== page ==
Press releases related to the Museum Theft

Suspect Pleads Guilty in ANA Money Museum Theft

Former ANA Employee Stole About $1 Million in Coins

 

COLORADO SPRINGS - Former ANA collections manager Wyatt Yeager entered a guilty plea today in Federal District Court in Wilmington, DE, to the theft of approximately 300 historically significant coins and other numismatic objects, valued at $984,740, from the American Numismatic Association Money Museum, ANA President Tom Hallenbeck has announced.


Yeager _2007Yeager, 33, was the museum's collections manager from January through March 2007 and is charged with Theft of Major Artwork, violation of Title 18, United States, Section 668. Yeager faces a maximum statutory penalty of 10 years imprisonment, a $250,000 fine and three years supervised release following any term of imprisonment. Among the stolen items are an Australian 1813 Holey Dollar, a 1795 Half Eagle and an 1836 Gobrecht Dollar.

The theft was discovered by museum officials in October 2007 and was the subject of an extensive FBI investigation after museum staff confirmed the missing items. The museum staff worked with authorities during the investigation and played a critical role in helping to uncover vital evidence in the case. The theft was kept confidential so as not to compromise the ongoing investigation, during which Yeager relocated to Ireland. Yeager sold numerous rare coins stolen from the museum.

"This is a terrible loss for the ANA, the hobby and for coin collectors everywhere," Hallenbeck said. "Prosecution of this crime has been pursued in accordance with the law. The ANA is continuing this investigation and will diligently pursue the recovery of the stolen items."

The ANA retained Robert Wittman, Inc., a security and recovery consulting firm that specializes in recovering stolen art and collectibles, to investigate and recover the stolen coins.  Robert K. Wittman, the company's founder and chief investigator, was the founder of the FBI's National Art Crime Team.

A list of stolen items can be found here. A link to the U.S. Department of Justice press release can be found here.

As a result of the theft, the ANA has embarked on an upgrade to its security systems and further modified its internal security procedures. In addition, many of the ANA's important coins are being encapsulated by NGC to allow better inventory control through modern bar coding technology, photography and other enhanced security procedures.

"I want to reassure our members - and hobbyists everywhere - that the ANA is committed to improving the security of its collection, which is a true national treasure. As new technologies are developed, we will continually assess our security needs," Hallenbeck said. "Unfortunately, about 90 percent of museum thefts have some insider component."

"Many of the stolen items were desirable and historically significant," Hallenbeck said. "The ANA maintains theft insurance for its numismatic collections, but no amount of insurance can adequately replace these coins - or the loss of trust or sense of helplessness that we all feel following such a theft."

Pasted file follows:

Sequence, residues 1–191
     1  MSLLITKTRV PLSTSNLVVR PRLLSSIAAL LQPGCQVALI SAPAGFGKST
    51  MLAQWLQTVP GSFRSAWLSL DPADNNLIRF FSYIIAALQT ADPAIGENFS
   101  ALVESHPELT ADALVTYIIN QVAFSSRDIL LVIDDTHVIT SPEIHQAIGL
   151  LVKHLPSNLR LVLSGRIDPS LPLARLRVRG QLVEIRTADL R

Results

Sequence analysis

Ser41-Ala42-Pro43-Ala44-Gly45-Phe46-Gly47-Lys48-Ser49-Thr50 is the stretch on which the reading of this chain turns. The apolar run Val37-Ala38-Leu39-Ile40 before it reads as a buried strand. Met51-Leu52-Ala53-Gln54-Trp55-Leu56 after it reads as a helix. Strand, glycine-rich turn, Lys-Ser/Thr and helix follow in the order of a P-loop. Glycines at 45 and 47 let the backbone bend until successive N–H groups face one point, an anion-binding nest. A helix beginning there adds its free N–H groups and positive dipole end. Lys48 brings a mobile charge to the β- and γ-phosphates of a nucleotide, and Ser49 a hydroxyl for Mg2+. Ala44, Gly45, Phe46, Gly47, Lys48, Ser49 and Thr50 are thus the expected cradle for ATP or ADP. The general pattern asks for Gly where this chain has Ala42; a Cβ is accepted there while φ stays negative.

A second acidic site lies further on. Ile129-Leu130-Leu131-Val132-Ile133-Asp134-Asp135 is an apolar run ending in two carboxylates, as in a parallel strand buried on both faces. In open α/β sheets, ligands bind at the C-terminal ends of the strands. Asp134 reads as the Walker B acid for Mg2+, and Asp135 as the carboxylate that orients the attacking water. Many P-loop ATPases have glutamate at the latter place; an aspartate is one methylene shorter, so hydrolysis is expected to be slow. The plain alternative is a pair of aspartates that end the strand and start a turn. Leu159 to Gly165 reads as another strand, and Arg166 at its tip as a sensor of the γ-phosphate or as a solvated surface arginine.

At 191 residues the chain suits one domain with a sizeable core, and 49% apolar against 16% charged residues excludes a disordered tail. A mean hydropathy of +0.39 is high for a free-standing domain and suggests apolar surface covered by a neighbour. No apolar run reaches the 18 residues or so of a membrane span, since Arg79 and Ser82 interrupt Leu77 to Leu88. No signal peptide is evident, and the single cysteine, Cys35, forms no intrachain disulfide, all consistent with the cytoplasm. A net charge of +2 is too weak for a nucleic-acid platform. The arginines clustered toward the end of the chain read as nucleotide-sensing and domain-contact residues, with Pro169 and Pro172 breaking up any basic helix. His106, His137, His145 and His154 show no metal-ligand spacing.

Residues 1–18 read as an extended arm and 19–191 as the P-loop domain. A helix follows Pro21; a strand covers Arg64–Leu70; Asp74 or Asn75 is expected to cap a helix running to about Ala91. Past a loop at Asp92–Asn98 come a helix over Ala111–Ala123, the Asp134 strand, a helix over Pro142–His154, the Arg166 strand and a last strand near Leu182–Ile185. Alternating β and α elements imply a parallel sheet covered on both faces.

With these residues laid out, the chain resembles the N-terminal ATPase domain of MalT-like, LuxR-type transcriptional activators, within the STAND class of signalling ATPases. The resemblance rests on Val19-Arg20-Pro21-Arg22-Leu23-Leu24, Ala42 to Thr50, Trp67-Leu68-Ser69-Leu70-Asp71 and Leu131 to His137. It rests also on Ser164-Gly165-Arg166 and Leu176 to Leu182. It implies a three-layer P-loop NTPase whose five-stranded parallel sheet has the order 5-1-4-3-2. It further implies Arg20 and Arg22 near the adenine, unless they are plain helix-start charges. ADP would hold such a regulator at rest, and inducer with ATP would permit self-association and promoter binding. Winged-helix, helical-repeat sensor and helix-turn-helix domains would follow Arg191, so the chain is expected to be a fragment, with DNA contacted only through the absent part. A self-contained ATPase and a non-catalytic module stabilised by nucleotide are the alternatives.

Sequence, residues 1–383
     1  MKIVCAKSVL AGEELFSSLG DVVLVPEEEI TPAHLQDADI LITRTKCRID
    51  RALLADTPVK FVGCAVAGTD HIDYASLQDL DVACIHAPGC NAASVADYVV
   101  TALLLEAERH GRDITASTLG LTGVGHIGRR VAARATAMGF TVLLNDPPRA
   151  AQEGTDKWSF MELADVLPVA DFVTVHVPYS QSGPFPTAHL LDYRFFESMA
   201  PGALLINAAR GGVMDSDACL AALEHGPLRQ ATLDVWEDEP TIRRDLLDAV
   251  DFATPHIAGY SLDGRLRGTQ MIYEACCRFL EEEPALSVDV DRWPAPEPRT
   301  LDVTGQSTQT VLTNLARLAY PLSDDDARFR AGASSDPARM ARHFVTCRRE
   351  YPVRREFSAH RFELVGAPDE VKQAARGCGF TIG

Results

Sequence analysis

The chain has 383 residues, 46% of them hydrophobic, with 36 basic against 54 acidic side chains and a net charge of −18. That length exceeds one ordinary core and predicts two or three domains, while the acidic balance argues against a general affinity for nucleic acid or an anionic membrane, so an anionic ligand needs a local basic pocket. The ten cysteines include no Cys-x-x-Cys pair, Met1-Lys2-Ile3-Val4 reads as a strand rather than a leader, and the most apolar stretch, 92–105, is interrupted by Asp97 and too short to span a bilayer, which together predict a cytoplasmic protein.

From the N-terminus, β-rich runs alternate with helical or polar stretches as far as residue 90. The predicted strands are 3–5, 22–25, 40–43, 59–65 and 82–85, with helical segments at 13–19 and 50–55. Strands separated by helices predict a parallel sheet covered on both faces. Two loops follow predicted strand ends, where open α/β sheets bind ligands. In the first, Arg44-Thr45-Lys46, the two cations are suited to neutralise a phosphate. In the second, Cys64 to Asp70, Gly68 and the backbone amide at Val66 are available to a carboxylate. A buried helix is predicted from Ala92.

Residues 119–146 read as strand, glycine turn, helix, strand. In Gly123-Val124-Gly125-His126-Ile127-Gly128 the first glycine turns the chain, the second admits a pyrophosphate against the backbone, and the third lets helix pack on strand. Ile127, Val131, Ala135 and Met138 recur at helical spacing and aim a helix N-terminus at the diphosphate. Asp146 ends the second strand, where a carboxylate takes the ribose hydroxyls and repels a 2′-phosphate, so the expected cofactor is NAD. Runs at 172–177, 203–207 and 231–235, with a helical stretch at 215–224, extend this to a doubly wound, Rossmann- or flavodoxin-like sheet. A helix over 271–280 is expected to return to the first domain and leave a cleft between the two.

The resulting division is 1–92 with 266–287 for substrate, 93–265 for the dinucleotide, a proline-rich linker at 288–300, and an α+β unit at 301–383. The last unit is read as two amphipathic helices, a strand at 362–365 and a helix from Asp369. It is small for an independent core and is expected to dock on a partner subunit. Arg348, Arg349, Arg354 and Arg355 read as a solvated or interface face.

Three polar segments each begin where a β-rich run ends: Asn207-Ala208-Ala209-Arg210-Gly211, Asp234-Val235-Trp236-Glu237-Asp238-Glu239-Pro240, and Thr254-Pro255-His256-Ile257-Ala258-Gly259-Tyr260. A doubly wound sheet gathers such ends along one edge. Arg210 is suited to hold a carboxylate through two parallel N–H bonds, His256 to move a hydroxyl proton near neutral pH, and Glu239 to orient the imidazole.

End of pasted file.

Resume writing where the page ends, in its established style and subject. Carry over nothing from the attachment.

The ANA's Edward C. Rochette Money Museum, which opened in Colorado Springs in 1967, is the nation's largest museum dedicated exclusively to numismatics. Its collection of 275,000 numismatic objects includes money from its earliest uses 2,600 years ago to individual coins worth millions of dollars and modern issues, as well as paper money, coins, tokens and medals from throughout the world.

The American Numismatic Association is a nonprofit congressionally chartered organization dedicated to educating and encouraging people to study and collect money and related items. The ANA helps its 28,000 members and the public discover and explore the world of money through its vast array of programs including its education and outreach programs, museum, library, publications, conventions and seminars.  For more information about the ANA, visit www.money.org.

IMMEDIATE RELEASE: Jan. 12, 2012

Wyatt Yeager Sentenced to 27 months in ANA Museum Theft

COLORADO SPRINGS, CO (April 24, 2012) - Former ANA collections manager Wyatt Yeager, 33, has been sentenced to 27 months in federal prison, two years supervised release and ordered to pay $948,505 in restitution for the theft of approximately 300 historically significant coins and objects from the American Numismatic Association Money Museum in Colorado Springs, CO.


Yeager _2007The sentence was imposed today in Federal District Court in Wilmington, DE. Judge Leonard P. Stark imposed the sentence based on Yeager's guilty plea in January to one count of Theft of Major Artwork, a violation of Title 18, United States, Section 668.

"The harm caused by this theft transcends monetary loss - it was a terrible loss for the association and for collectors everywhere. The ANA's collection provides a window into the history of society, culture and economics from the ancient world to the present day. Because of Mr. Yeager's actions, significant cultural items will not be available to museum visitors, researchers and other interested groups," ANA President Tom Hallenbeck said. "We are glad to see justice was served. Now that this case is behind us, the ANA can focus on its educational mission."

Yeager embezzled more than $492,205 in rare coins from the ANA's Money Museum and sold these items in auctions in Baltimore in May 2007, St. Louis in June 2007 and Melbourne, Australia, in July 2007. One of the coins in the Australian sale was the rare Australian 1813 Holey Dollar, which sold for $155,755.